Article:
Florence Kumeye Siba
Papua New Guinea
Master of Education Studies (alumni)
University of Canberra, ACT
Prior to taking up her Award, Florence taught Year 11 and 12 sciences at the Port Moresby National High School, a position she has held for some 15 years. She returns to Papua New Guinea with a Master of Education Studies from the University of Canberra.
In Australia, Florence was instrumental in establishing the Papuan/Australian fellowship group, which supports and encourages Papua New Guinean and West Papuan students to settle into Australian society.
Florence is a committed advocate for girls' education, and sees this as a critical factor in driving gender equality in Papua New Guinea. She is keen to create a network of like-minded women (and men) to encourage girls to attend school, and to create momentum for change. In support of this goal, Florence is interested to promote increased community and family collaboration to address social issues around equality and access to education.
Florence recently commenced a Women's Leadership Initiative workplace internship, spending one day per week over five months shadowing her mentor, Bridget Bandle, at St Clare's College in Griffith, Canberra. She hopes this experience will build her practical skills in school leadership and girls' education.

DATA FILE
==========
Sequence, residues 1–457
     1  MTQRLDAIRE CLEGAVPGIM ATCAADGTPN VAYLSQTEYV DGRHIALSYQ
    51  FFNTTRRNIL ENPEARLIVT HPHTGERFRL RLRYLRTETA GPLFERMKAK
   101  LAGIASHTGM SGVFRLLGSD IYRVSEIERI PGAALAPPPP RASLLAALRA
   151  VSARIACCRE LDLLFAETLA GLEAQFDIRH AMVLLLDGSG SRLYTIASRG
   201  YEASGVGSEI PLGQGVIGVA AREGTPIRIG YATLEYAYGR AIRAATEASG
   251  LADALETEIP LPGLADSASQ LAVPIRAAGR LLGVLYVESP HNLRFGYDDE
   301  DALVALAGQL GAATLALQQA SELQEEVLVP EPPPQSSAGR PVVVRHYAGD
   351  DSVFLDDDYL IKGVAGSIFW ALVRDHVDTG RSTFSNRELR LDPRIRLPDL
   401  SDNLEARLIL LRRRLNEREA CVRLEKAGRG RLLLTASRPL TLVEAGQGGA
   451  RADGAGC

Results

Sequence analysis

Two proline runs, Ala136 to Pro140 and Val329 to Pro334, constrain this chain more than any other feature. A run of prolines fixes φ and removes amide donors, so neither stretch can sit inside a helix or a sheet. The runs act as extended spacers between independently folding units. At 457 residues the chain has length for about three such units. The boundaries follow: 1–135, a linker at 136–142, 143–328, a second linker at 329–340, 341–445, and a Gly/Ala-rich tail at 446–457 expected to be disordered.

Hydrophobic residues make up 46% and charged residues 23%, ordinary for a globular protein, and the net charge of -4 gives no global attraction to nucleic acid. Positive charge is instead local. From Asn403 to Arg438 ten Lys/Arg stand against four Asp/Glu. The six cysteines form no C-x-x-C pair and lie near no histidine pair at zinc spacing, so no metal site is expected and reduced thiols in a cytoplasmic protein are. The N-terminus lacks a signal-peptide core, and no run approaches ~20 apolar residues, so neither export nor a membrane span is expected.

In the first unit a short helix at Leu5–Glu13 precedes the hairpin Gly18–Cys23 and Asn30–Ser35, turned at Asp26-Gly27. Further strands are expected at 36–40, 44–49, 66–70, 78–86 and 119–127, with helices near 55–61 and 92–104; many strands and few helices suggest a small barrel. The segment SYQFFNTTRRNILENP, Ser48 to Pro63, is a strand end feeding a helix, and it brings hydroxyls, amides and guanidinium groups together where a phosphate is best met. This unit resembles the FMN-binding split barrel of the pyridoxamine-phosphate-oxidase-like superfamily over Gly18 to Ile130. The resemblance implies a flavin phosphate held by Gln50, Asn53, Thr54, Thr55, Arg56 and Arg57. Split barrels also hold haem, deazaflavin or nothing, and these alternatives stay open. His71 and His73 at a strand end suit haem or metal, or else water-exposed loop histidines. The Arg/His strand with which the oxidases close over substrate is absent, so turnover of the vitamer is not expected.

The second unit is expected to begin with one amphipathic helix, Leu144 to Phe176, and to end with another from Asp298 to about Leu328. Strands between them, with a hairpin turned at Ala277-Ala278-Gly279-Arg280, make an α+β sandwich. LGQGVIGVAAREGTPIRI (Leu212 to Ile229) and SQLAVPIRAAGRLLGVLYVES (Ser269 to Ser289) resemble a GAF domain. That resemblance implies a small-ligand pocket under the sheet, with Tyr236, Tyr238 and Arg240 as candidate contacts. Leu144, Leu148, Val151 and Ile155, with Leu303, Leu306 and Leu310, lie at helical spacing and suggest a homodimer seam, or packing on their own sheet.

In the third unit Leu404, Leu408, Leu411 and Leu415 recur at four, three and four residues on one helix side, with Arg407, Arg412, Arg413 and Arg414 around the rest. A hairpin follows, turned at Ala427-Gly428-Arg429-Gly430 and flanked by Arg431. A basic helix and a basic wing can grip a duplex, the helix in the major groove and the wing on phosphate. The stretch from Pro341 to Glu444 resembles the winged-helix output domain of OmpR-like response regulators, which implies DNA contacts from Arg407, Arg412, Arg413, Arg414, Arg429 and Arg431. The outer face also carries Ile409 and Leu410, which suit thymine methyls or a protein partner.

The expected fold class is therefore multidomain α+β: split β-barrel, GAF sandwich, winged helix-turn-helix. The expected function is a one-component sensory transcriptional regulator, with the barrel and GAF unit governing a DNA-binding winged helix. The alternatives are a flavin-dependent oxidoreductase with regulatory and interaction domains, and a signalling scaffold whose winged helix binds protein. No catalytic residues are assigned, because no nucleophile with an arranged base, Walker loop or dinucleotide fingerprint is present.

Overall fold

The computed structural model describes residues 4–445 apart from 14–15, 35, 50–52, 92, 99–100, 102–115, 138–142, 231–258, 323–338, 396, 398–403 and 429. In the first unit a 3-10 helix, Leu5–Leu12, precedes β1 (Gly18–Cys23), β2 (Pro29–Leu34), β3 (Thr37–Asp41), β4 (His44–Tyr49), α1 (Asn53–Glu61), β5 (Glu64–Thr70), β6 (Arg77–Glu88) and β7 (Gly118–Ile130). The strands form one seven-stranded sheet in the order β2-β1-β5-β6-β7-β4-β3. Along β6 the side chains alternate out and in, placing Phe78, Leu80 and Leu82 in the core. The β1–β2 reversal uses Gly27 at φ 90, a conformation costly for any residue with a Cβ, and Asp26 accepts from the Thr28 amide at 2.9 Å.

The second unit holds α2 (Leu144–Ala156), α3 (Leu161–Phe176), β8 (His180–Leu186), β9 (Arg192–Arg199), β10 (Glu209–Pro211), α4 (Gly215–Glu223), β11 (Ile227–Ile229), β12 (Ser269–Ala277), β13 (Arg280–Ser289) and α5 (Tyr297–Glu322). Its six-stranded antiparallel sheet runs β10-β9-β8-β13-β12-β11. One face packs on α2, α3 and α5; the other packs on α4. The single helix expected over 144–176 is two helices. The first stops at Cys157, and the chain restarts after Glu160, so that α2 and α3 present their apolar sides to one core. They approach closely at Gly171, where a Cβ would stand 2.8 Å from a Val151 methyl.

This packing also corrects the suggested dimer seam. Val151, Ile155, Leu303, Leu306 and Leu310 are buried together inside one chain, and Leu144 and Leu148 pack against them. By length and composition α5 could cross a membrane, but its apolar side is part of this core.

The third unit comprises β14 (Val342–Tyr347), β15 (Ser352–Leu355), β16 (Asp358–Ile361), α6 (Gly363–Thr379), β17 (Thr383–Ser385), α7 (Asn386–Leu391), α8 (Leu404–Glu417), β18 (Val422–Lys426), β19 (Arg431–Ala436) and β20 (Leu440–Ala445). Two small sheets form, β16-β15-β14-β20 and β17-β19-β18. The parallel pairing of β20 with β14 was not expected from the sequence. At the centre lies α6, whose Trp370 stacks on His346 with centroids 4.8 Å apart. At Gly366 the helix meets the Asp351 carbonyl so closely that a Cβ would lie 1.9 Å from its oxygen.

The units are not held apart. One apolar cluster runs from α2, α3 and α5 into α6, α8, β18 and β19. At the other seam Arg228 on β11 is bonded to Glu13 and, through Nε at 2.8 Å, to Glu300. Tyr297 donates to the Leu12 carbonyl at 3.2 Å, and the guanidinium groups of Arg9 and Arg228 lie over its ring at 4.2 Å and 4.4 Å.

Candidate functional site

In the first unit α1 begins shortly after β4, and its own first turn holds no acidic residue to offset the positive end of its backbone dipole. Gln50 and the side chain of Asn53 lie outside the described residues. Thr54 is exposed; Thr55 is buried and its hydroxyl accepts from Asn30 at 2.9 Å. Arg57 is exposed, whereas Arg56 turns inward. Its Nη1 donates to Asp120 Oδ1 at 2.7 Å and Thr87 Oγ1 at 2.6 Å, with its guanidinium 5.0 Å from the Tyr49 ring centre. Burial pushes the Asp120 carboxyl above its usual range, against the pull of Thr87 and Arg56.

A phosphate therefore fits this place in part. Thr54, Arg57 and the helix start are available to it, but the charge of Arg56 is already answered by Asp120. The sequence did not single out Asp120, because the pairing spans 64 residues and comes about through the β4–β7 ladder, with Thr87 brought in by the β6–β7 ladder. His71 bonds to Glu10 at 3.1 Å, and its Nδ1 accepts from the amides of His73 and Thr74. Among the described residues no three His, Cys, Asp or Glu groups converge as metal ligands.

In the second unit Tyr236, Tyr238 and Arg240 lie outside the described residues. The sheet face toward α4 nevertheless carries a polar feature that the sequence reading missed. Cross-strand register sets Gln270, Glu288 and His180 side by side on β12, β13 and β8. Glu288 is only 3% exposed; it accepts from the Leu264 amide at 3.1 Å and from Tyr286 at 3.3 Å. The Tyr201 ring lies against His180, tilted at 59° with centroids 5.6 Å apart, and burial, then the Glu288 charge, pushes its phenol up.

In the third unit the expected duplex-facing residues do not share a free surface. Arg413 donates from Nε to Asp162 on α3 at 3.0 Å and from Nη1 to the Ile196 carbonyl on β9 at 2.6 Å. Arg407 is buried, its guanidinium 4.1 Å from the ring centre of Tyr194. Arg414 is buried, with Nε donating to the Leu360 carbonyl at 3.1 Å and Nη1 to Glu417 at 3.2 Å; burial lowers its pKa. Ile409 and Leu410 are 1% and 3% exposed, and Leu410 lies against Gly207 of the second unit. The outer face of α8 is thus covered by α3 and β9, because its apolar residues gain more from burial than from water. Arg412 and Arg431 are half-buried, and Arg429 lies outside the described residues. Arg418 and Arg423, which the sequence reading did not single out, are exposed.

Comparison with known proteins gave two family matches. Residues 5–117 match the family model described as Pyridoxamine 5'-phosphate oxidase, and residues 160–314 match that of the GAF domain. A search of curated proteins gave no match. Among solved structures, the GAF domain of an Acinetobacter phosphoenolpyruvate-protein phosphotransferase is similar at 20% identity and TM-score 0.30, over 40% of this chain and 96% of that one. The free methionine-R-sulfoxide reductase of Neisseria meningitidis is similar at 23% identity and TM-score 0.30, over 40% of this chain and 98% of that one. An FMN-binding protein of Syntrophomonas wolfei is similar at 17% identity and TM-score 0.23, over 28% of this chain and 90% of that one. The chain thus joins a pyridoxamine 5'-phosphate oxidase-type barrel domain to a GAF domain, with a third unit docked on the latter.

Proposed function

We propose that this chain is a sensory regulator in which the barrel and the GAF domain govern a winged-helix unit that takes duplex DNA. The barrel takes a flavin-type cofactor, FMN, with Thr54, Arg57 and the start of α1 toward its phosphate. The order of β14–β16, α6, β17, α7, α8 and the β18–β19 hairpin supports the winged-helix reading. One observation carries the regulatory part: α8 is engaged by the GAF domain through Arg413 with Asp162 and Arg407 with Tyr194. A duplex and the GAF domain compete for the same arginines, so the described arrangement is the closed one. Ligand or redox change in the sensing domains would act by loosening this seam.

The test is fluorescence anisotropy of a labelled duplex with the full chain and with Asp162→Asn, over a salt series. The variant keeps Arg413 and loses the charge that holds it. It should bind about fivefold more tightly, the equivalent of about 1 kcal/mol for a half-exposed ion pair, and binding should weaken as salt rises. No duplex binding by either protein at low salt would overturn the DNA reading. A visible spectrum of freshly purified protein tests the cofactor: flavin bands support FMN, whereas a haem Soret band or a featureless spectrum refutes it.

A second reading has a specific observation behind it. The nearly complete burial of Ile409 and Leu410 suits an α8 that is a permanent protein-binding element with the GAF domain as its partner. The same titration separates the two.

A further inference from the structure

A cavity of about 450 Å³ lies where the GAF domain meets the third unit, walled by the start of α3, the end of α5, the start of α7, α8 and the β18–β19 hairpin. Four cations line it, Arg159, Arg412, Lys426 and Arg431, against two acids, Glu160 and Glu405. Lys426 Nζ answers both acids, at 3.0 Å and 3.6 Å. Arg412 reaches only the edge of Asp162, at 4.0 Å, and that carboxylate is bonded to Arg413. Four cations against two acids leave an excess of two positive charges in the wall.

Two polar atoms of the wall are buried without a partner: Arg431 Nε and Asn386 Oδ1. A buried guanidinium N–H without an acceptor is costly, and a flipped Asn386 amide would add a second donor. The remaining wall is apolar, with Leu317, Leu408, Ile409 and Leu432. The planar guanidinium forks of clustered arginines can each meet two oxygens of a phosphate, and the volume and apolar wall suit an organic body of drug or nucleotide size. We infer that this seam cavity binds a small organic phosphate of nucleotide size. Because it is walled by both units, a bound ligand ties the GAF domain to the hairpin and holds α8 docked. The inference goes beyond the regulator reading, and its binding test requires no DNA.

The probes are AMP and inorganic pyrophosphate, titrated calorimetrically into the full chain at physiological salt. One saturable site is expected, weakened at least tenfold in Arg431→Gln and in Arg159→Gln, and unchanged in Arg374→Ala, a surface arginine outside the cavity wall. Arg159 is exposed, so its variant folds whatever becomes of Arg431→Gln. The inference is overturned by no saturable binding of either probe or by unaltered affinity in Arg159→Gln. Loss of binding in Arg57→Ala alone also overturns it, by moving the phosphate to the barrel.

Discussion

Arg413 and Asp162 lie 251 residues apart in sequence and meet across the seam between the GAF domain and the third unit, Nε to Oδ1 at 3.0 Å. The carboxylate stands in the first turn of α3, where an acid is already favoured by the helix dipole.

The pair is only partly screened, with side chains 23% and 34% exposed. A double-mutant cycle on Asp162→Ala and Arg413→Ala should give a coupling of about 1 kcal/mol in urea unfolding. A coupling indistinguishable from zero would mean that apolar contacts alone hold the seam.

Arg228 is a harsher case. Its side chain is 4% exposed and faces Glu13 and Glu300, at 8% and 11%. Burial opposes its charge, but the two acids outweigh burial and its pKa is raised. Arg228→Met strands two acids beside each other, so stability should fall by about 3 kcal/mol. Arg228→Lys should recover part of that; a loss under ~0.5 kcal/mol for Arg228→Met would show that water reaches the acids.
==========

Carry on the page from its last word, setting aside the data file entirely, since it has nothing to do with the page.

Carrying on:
St Clare's College, ACT
Bridget is Assistant Principal (Staffing and Administration) at St Clare's College Griffith. She has spent her career working at Catholic schools within the Canberra region, specialising in teaching and learning designed for young women. Her academic qualifications include a Bachelor of Arts (ANU), a Master of Teaching (Sydney University) and a Master of Theology (University of Newcastle). Her leadership of staff and students has a strong relational focus.
Bridget is committed to ensuring young women are provided with educational opportunities that encourage a diverse range of professional pathways. As such, she promotes targeted professional learning plans that support innovation and excellence in teaching practices.